In the waveguide 20, near a position P1 of connection to the TEM waveguide 10, a coupling window 11 for adjusting coupling with the TEM waveguide 10 is provided. In the example of the drawing, the coupling window 11 is provided in the upper ground electrode 23 and the TEM waveguide 10 is coupled near the coupling window 11. The coupling window 11 is formed by partially cutting the ground electrode 23, for example, in a rectangular shape. It is also possible to provide the coupling window 11 in the lower ground electrode 21 and couple the TEM waveguide 10 to the lower ground electrode 21 side. The connection position P1 may be provided on the side opposite to the position shown in the diagram with respect to the coupling window 11 (symmetrically opposite side). Specifically, in the example of the drawing, the connection position P1 is on the inner side of the waveguide 20 when seen from the coupling window 11. The connection position P1 may be on the outer side (peripheral side) when seen from the coupling window 11.

The TEM waveguide 10 is a waveguide such as a microstrip line or a coaxial line and is not particularly limited as long as it can propagate electromagnetic waves in the TEM mode. The TEM waveguide 10, which includes a ground conductor 101 and a line pattern 103, extends in a stacking direction (Y direction) of the ground electrodes 21 and 23 of the waveguide 20, and its end portion is directly connected to the ground electrode 23 as one of the ground electrodes from the stacking direction side and is made conductive. The magnetic field of the TEM waveguide 10 is magnetic field connected in an H plane (plane parallel to the magnetic field) of the waveguide 20. When the waveguide 20 is in the TE mode and the travel direction S of the electromagnetic waves is the Z direction in FIG. 1, the H plane of the waveguide 20 is parallel to an XZ plane of the diagram.

In the RF module, the magnetic field distributions in the connection portion between the TEM waveguide 10 and the waveguide 20 and in the H plane near the connection portion are schematically as shown in FIG. 3. Since the TEM waveguide 10 is in the TEM mode, its magnetic fields are distributed circularly around the TEM waveguide 10. Near the connection portion, however, since the end portion is in conductive relationship with the ground electrode 23, a magnetic field H1 of the TEM waveguide 10 is distributed mainly near the coupling window 11 provided around the connection portion. On the other hand, for example, in a TE mode of the lowest order (TE10 mode), a magnetic field H2 of the waveguide 20 is distributed spirally along the wall in the H plane. Therefore, as shown in the diagram, by matching the direction of the magnetic field H1 in the coupling window 11 of the TEM waveguide 10 and the direction of the magnetic field H2 of the waveguide 20 in the H plane of the waveguide 20, the magnetic fields are coupled near the coupling window 11, thereby making conversion from the TEM mode to the TE mode.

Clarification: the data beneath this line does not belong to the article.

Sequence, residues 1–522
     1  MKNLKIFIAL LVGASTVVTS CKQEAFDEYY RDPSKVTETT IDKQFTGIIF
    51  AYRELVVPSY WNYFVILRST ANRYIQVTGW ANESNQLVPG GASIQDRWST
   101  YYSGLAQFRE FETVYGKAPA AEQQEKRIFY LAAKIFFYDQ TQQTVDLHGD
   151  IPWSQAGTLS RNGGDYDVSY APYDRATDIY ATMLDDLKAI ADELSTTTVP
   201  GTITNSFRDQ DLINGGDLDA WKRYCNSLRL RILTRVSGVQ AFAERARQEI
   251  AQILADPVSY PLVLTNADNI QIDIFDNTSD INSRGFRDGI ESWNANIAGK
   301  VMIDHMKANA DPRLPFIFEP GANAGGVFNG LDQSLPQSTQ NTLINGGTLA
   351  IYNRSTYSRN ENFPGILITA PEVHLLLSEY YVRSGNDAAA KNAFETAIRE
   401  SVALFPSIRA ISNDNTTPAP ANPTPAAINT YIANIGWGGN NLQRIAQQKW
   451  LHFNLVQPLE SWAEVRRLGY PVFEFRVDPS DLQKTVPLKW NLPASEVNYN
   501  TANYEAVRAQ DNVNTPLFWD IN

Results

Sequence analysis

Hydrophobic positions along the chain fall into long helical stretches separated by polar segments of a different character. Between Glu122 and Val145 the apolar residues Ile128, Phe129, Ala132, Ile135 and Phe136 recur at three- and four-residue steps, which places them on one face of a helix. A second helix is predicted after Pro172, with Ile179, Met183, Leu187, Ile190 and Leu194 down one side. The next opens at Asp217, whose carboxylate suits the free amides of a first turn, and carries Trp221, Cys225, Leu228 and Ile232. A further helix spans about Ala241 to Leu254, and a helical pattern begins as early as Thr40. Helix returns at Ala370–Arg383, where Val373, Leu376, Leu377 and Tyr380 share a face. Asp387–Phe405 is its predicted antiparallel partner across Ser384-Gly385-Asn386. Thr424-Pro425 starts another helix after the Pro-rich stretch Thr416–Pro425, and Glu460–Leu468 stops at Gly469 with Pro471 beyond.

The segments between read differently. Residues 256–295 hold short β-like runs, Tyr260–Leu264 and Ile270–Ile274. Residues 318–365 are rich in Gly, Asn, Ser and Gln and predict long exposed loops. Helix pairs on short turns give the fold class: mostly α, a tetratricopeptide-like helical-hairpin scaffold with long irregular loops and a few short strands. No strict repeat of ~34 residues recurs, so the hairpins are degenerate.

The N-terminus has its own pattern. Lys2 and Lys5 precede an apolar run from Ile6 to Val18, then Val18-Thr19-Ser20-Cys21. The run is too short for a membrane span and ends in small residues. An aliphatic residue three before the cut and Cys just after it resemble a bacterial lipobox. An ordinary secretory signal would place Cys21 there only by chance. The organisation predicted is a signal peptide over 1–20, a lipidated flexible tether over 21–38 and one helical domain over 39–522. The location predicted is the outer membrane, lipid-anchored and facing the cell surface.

FIGS. 6, 7 and 8 show a second configuration example of the RF module according to the embodiment of the invention. FIG. 6 corresponds to a section taken along line B—B of FIGS. 7 and 8. In FIG. 7, to simplify the drawing, the thickness of an intermediate layer is omitted and the intermediate layer is hatched. The RF module has, like the RF module shown in FIGS. 1, 2 and 3, a structure of conversion between the TEM mode and another mode. The RF module is different from the RF module shown in FIGS. 1, 2 and 3 with respect to the portion of the waveguide 30. In the configuration example, the waveguide 30 corresponds to a concrete example of the “second waveguide” in the invention.

The waveguide 30 has two dielectric substrates 42 and 43, three ground electrodes 31, 33, and 34 provided on the dielectric substrates 42 and 43 so as to face each other, and a plurality of through holes 32 and 45 as conductors each for bringing at least two of the ground electrodes 31, 33, and 34 into conduction. The lower ground electrode 31 is uniformly provided on the bottom face of the lower dielectric substrate 42. The upper ground electrode 33 is uniformly provided on the top face of the upper dielectric substrate 43. The intermediate ground electrode 34 is provided between the dielectric substrates 42 and 43.

The through holes 32 and 45 are provided at intervals of a certain value or less (for example, ¼ of the signal wavelength or less) so that the propagating electromagnetic waves are not leaked. The inner face of each of the through holes 32 and 45 is metalized. The sectional shape of each of the through holes 32 and 45 is not limited to a circular shape but may be another shape such as a polygon shape or an oval shape. The through hole 45 brings the upper ground electrode 33 and the intermediate ground electrode 34 into conduction. The through hole 32 brings the lower ground electrode 31 and the intermediate ground electrode 34 into conduction. The through holes 45 are disposed so as to surround the position P1 of connection to the TEM waveguide 10.

In the waveguide 30, in a region surrounded by the lower ground electrode 31, intermediate ground electrode 34, and through holes 32, electromagnetic waves propagate, for example, in the S direction in the drawing. The waveguide 30 may have a configuration of a dielectric waveguide in which the electromagnetic wave propagation region is filled with a dielectric or a configuration of a cavity waveguide having therein a cavity.